- Associated Press - Saturday, May 17, 2014

KEY WEST, Fla. (AP) - Survivors of the atomic bombings on Japan are sharing their experience at a home of the U.S. president who authorized the attacks.

The 1945 bombings of Hiroshima and Nagasaki were being explored in a weekend symposium at the Harry S. Truman Little White House in Key West.

Two survivors of the bombings opened the Truman Legacy Symposium on Friday telling those gathered about experiencing the devastation as children.

Setsuko Thurlow, who was 13 when Hiroshima was bombed, recalled her rescue from a collapsed building before classmates were burned alive inside it.

She recalled seeing a blue-white flash and then hearing the voices of her classmates begging for help in the collapsed building. She was trapped beneath boards but pulled free from the rubble, but said about 30 other girls were not so lucky. She ultimately fled the city on foot, but the sights of what she passed will never leave her.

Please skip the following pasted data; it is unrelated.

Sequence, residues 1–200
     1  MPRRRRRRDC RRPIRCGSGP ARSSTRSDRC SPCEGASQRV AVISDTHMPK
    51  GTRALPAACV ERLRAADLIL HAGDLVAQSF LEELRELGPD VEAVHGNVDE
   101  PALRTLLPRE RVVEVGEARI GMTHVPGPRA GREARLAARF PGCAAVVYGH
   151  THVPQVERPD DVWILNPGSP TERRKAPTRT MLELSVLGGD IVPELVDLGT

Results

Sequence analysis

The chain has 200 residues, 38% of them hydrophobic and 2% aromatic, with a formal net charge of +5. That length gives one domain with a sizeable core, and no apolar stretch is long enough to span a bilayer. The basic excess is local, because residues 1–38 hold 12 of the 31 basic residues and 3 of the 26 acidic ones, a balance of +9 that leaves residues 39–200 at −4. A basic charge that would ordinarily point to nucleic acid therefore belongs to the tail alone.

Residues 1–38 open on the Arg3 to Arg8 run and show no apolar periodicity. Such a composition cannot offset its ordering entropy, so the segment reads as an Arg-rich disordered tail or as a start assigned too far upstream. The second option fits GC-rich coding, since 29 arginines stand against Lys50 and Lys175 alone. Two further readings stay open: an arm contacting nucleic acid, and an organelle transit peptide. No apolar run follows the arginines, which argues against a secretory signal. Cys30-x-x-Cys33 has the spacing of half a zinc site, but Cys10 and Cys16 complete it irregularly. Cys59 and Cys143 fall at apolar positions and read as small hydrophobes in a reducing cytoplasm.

“We saw streams of people, streams of ghostly people - burned, blackened,” she said. “When darkness came, we sat on the hillside and we watched the city burn.”

Yasuaki Yamashita, who was 6 when his home was destroyed in Nagasaki, said he spent decades hiding his background because of discrimination against survivors. He moved to Mexico and kept his background a secret from all but a few close friends until 1995, when a friend’s son asked him to speak at his university. He refused, then gave in and delivered a presentation on his experience.

“When I finished, my suffering started disappearing,” he said. “If we don’t tell what happened in Nagasaki and Hiroshima, it could happen again - anywhere.”

Now nuclear disarmament advocates, the two survivors are part of presentations continuing through Sunday that include Truman’s grandson Clifton Truman Daniel, who is authoring a book on the bombings.

The annual Truman Symposium, in its 12 year, draws scholars, authors and political figures to discuss Truman’s presidency. Events were being held at sites including the Little White House, where Truman spent 11 working vacations.



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